Biocompatibility was evaluated via cytotoxicity assay in hBM-MSCs on MHA/Coll scaffold by the 7-amino-actinomycin D (7-AAD) staining (BD Bioscience, San Josè, CA, United States). When excited by 488 nm laser light, 7-AAD fluorescence is detected in the far-red range of the spectrum (650 nm long-pass filter). Late apoptotic and necrotic cells with compromised membranes allow the passage of this dye into the nucleus. hBM-MSCs were seeded into scaffolds and cultured for 7, 14, and 21 days under G or MG conditions. To collect cells, the scaffold was then washed three times with PBS and digested using 2 mg/ml collagenase I (Life Technologies) diluted in cell media without FBS (1-h incubation at 37°C). Subsequently, cells were washed with PBS to eliminate collagenase and stained with 7-AAD for 20 min in the dark. Finally, cells were suspended in PBS 1× solution and analyzed by Flow cytometry (FACS Canto II, BD Biosciences, Mountain View, CA, United States). At least three samples per group were used.

hBM-MSCs Osteogenic Differentiation Under Microgravity Condition

Undifferentiated hBM-MSCs were harvested and a 30 μl drop containing 35 × 104 cells was seeded in the center of MHA/Coll scaffolds and kept in incubator for 10 min. Inducing medium was then added to each well and the osteogenic potential of MHA/Coll was evaluated after 7, 14, and 21 days. under G or MG conditions. hBM-MSCs cultured in 2D conditions, either exposed to inducing media (induced-MSC) or kept in standard media (ctrl-MSC) were used as a positive and negative control, respectively. RPM-cultures were mounted horizontally in the center of the RPM at 37°C. As a control grown under G condition (1 × g), the same number of samples was placed in the same room of the RPM at 37°C in horizontal position. The results are expressed as % of positive cells and are the mean of three independent experiments.

Gene Expression Analysis

Total RNA was isolated from cells using TriZol Reagent (TriZol, Invitrogen, Carlsbad, CA, United States). RNA purity and concentration were measured with Nanodrop Spectrometer (NanoDrop® ND1000).

cDNA synthesis was performed using Superscript IV Reverse Trascriptase kit following the manufacturer protocol (Life Technologies). Amplification was performed using TaqMan probes and TaqMan® Fast Advanced Master Mix (Applied Biosystems) to evaluate the expression of the osteogenic specific genes alkaline phosphatase (ALP, Hs01029144_m1) and osteocalcin (BGLAP; Hs01587814_g1). The gene expression analysis was performed comparing hBM-MSCs cultured on MHA/Coll and hBM-MSCs cultured in osteogenic media (induced-MSC), or uninduced (ctrl-MSC), under G and MG conditions. Glyceraldehyde 3-phosphate dehydrogenase (GAPDH; Hs02758991_g1) was used to normalize gene expression data respect to ctrl-MSC. To identify the expression of 84 osteogenesis genes, RT2 Profiler Polymerase Chain Reaction (PCR) Array (PAHS-026ZD, Superarray Bioscience Corporation, Frederick, MD) was applied. Amplifications on plates were set using a CFX96 Real Time instrument (Bio-Rad). Results are the mean of three independent experiments.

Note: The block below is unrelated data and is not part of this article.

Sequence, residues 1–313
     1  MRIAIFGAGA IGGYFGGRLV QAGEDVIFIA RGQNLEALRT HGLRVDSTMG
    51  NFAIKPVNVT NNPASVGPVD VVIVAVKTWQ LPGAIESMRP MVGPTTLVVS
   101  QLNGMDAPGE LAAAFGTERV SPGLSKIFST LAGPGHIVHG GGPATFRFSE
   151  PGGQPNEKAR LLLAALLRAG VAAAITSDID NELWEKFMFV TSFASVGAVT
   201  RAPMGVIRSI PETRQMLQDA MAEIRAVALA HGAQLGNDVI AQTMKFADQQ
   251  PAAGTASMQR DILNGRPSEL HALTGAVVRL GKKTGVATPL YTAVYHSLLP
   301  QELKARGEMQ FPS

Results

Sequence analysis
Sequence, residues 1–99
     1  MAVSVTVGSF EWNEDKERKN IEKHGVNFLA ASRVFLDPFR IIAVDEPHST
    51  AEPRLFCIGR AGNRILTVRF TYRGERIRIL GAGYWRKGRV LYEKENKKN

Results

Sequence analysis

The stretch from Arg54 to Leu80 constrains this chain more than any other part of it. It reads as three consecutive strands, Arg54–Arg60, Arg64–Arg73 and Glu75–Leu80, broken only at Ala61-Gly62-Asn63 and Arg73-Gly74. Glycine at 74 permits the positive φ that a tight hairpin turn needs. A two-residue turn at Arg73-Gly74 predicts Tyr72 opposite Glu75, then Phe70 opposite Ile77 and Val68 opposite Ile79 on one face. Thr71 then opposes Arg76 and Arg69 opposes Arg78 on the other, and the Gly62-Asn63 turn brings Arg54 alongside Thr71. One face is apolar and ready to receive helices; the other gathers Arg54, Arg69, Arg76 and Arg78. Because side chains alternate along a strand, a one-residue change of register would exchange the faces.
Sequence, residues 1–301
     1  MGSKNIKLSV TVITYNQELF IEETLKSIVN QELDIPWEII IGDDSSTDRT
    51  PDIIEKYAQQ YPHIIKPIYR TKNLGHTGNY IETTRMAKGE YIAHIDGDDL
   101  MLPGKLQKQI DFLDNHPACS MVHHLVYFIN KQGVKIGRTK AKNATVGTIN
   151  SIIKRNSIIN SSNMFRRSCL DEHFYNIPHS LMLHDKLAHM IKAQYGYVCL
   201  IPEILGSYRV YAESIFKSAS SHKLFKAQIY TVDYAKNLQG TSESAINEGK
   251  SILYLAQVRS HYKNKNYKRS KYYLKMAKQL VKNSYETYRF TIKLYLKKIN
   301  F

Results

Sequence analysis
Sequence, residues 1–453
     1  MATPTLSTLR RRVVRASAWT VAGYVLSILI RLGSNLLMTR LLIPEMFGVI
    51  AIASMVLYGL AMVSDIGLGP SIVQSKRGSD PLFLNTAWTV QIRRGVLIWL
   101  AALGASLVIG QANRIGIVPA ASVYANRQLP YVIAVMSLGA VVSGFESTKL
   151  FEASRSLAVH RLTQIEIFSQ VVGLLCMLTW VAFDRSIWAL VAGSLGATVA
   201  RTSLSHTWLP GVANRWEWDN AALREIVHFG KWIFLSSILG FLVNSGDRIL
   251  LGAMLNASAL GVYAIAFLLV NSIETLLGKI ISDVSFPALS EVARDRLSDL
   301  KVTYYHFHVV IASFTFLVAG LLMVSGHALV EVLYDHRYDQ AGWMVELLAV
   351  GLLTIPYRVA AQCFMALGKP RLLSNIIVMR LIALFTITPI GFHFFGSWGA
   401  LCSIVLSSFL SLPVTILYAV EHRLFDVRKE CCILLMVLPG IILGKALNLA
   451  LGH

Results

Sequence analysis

Statistical Analysis

Data analyses were performed using Prism GraphPad software. Statistics for experiments were performed using a One-Way ANOVA. In all cases, was used for p < 0.05, ∗∗ for p < 0.01, ∗∗∗ for p < 0.001, and **** for p < 0.0001. Values were expressed as mean ± SD. Flow cytometry data were analyzed with FACS Diva software (BD-Bioscience Mountain View, CA, United States). Osteo-gene array data were calculated by the comparative threshold cycle method. Data analysis was performed by RT2 profiler PCR array data analysis software1. All experiments were performed at least in triplicate.

Results and Discussion

Characterization of MHA/Coll

The surface architecture and structure of Coll and MHA/Coll were evaluated by SEM (Figure 1). The lower magnification images revealed the porous anisotropic nature of MHA/Coll (Figure 1A) and their full mineralization compared to a Coll scaffold (see Supplementary Figure 1). The nano-MHA phase nucleated on the collagen fibers clearly did not appear crystalline, but rather amorphous, at higher magnification, as previously accomplished through the same bioinspired synthesis process (Minardi et al., 2015; Figure 1B). The chemical interaction between the mineral phase and the type I collagen fibers of MHA/Coll was further confirmed by FTIR spectroscopy (Figure 1C), where a shift from 1340 to 1337 cm–1 in the band corresponding to the stretching of carboxylate (COO) group of collagen was observed, as expected. The TGA-DSC analysis showed that the overall mineral phase content in MHA/Coll was approximately 56 wt%, which is comparable to that of natural trabecular bone (Minardi et al., 2015; Figure 1D).

GRAPHICAL ABSTRACT
www.frontiersin.org

GRAPHICAL ABSTRACT Schematic representation of MHA/Coll function in microgravity condition to counteract bone loss dysfunction.

FIGURE 1
www.frontiersin.org